"I've always felt we should do more for the kids," said Golletti, who once worked as a substitute teacher. The presence of troopers in Central Daquphin High School reduced juvenile crime 30 percent in the first year, he said.
Sgt. Gary Carter, the Criminal Investigation Unit supervisor at the Chambersburg barracks said four to six troopers could provide coverage for the school district.
"We're not looking to take anything from anyone," Carter said, referring to the Chambersburg police department. State police would augment augment the current program, he said.
Troopers, could reduce juvenile crime by their uniformed presence inside schools and deter crime by the presence of marked cruisers outside schools, Golletti said. Troopers could also teach students about drugs and bicycle and driving safety and counsel those who are at risk of crossing over to criminal behavior, he said.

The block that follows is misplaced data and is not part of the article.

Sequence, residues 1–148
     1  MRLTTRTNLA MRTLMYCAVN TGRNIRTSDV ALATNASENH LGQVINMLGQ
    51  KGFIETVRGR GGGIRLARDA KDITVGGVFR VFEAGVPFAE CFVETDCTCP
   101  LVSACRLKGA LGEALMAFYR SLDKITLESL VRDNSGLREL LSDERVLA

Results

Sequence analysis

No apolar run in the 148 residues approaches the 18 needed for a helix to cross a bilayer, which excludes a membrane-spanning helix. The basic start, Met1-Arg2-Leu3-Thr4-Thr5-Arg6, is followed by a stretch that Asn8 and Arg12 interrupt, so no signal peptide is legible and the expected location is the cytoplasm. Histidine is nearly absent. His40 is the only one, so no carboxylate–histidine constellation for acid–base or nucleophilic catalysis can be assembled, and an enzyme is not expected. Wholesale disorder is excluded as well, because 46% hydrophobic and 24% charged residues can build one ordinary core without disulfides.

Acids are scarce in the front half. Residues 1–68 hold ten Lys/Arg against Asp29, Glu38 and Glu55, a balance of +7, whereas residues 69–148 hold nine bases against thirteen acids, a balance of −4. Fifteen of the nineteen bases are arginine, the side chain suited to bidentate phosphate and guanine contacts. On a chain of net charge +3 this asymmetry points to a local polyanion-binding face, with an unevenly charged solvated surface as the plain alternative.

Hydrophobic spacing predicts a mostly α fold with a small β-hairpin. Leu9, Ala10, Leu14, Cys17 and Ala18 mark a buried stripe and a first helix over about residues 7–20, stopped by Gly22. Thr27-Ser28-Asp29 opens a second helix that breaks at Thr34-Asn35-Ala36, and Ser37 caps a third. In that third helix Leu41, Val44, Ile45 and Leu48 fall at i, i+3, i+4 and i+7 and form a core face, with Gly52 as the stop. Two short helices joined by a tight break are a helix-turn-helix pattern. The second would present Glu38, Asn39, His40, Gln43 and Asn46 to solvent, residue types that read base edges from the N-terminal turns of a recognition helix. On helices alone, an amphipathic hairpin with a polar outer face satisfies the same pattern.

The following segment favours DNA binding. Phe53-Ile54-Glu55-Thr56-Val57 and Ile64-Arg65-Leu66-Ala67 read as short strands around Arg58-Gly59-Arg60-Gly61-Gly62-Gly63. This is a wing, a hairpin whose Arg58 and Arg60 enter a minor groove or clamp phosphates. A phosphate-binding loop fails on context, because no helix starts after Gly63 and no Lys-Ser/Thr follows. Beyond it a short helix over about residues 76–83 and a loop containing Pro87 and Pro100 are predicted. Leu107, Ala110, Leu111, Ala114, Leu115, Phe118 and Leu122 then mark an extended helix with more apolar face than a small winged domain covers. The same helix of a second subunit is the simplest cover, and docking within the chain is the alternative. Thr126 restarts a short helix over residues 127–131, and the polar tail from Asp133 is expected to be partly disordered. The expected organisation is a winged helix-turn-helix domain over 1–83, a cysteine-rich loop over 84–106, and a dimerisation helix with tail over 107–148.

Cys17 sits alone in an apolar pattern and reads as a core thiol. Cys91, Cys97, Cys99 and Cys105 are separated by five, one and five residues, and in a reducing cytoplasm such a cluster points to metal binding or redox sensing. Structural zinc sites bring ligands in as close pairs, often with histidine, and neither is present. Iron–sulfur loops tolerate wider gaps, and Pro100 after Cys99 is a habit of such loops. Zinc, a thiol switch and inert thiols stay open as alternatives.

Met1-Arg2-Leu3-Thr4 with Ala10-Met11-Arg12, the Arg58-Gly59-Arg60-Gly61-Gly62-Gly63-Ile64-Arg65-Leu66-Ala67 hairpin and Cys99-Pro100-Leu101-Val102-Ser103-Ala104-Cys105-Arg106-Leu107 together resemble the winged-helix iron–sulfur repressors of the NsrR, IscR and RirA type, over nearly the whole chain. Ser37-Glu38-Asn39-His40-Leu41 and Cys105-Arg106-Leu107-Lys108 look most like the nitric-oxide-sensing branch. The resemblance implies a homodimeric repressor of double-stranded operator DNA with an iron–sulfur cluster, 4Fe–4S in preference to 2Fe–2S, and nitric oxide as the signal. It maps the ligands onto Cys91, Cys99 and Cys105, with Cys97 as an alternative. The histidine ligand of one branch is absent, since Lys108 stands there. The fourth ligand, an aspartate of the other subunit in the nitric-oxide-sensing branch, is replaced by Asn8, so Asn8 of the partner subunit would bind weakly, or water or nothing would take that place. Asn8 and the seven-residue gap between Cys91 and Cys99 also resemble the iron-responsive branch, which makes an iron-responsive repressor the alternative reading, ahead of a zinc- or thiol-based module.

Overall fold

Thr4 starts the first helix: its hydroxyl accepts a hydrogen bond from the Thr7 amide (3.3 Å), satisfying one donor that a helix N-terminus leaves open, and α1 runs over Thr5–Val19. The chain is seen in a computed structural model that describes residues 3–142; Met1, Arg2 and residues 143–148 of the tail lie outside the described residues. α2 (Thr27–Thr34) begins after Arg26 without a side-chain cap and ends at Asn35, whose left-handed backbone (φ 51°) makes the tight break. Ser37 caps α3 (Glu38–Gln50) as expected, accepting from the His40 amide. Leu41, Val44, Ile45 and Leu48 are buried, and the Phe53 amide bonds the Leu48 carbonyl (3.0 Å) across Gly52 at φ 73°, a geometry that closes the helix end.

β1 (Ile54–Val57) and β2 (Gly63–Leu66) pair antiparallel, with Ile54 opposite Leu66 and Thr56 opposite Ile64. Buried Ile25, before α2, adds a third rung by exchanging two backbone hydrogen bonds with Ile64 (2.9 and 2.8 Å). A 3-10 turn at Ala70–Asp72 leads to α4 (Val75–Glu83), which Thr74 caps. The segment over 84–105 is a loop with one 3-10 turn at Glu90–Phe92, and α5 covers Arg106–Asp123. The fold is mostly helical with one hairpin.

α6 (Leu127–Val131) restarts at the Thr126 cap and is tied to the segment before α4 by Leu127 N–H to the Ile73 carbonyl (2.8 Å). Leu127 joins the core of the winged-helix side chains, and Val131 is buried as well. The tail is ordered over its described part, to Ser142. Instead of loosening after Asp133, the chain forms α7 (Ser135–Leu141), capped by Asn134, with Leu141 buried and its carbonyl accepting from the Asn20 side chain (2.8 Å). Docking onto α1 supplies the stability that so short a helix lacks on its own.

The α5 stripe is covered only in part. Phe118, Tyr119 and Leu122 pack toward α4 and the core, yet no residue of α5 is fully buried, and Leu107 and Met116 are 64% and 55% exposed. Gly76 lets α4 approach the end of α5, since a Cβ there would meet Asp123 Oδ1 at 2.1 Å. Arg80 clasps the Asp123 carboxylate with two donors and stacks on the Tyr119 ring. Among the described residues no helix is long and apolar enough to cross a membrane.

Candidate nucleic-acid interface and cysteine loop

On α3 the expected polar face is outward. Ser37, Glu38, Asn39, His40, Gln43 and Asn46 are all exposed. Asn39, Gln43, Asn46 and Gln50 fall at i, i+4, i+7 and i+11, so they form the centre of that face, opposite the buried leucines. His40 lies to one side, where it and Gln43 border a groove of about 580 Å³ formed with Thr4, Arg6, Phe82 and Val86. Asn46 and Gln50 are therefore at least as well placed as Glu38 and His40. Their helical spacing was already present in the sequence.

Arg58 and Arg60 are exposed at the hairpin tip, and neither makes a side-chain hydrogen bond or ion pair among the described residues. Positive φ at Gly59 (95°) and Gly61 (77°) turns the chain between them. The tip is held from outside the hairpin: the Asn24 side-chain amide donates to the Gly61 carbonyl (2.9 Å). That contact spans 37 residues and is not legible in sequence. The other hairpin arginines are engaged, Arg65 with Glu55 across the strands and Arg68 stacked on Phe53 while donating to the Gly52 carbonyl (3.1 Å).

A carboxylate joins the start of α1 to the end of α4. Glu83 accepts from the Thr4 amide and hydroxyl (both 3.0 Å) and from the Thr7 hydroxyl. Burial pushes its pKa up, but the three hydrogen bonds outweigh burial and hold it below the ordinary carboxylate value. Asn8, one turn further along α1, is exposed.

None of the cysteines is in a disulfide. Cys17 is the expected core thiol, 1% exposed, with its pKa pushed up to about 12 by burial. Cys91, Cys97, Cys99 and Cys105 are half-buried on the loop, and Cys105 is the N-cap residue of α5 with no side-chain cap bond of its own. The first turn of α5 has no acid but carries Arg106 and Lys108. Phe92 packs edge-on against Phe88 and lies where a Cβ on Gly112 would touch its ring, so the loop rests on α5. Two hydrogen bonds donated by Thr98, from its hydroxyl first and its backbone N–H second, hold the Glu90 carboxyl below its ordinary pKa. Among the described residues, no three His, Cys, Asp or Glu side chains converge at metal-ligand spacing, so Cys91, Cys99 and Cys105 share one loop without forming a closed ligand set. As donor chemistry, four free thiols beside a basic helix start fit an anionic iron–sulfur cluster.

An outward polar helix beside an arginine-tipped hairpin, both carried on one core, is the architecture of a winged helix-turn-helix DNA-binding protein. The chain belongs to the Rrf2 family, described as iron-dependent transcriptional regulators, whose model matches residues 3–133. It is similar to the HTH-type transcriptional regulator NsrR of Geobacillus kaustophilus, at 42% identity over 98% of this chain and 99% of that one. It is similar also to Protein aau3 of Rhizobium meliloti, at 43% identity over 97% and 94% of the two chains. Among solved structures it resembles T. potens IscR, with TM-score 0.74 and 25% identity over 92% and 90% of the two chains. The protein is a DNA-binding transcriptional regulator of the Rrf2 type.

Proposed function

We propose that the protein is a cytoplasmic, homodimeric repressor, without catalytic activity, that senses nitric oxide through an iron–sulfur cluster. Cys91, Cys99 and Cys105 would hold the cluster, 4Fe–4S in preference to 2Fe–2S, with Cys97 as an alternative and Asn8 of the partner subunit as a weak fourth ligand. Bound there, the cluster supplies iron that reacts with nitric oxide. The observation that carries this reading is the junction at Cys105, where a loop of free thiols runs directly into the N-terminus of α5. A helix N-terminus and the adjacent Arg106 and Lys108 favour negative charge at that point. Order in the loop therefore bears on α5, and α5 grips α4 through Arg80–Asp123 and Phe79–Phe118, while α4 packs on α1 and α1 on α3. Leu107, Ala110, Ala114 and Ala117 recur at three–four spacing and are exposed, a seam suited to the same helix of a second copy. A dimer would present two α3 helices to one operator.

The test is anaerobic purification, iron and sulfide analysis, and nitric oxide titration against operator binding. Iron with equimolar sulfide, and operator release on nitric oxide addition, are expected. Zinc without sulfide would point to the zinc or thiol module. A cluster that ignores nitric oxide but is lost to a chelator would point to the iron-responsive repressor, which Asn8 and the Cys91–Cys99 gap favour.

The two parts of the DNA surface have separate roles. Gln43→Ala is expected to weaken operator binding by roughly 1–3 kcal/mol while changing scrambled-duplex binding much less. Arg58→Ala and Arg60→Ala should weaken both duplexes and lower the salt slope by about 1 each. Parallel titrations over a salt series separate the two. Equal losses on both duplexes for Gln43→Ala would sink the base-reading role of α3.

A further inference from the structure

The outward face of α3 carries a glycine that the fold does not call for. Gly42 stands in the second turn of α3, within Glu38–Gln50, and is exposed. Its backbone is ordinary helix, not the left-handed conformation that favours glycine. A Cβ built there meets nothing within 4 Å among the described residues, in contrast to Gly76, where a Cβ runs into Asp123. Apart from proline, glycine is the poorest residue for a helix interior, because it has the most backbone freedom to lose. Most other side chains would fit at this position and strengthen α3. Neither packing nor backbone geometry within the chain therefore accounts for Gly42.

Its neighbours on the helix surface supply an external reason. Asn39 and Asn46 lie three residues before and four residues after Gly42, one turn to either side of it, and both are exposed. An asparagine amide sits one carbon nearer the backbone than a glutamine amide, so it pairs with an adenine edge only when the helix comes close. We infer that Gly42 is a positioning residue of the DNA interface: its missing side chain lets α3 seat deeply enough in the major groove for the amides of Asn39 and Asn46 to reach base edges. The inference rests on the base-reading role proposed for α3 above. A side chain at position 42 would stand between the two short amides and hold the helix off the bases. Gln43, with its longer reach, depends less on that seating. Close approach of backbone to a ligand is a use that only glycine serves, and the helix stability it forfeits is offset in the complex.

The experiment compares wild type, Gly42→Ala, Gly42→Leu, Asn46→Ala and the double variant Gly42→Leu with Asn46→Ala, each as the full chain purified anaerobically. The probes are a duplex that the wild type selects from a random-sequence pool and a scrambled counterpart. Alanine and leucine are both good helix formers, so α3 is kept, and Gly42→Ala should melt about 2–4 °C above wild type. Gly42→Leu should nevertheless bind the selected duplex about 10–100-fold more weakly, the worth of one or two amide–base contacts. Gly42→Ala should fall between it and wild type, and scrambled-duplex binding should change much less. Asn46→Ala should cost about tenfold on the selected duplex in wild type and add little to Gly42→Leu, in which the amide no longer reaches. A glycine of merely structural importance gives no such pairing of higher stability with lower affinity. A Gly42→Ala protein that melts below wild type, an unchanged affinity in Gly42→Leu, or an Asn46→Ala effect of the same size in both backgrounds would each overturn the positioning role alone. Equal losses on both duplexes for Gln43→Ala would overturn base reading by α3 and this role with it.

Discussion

Because troopers would volunteer to work overtime, it would not pull them off of regular patrols and investigations, Carter said. The cost would be $42 to $50 an hour for a trooper, according to a summary provided by the district.
Eric Michael, Chambersburg Area School District assistant superintendent, said he would present the board with staffing scenarios and cost estimates at a future meeting.
Troopers occasionally show up at elementary schools to meet with administrators, teachers and students, often prompting phone calls and e-mails from parents wondering why police are at the schools, Carter said. However, Hill said he receives e-mails from the schools thanking state police for making their presence known through those visits.
"You would have these troopers for set hours," Carter said, Scheduling would be decided between the police and the district, he said.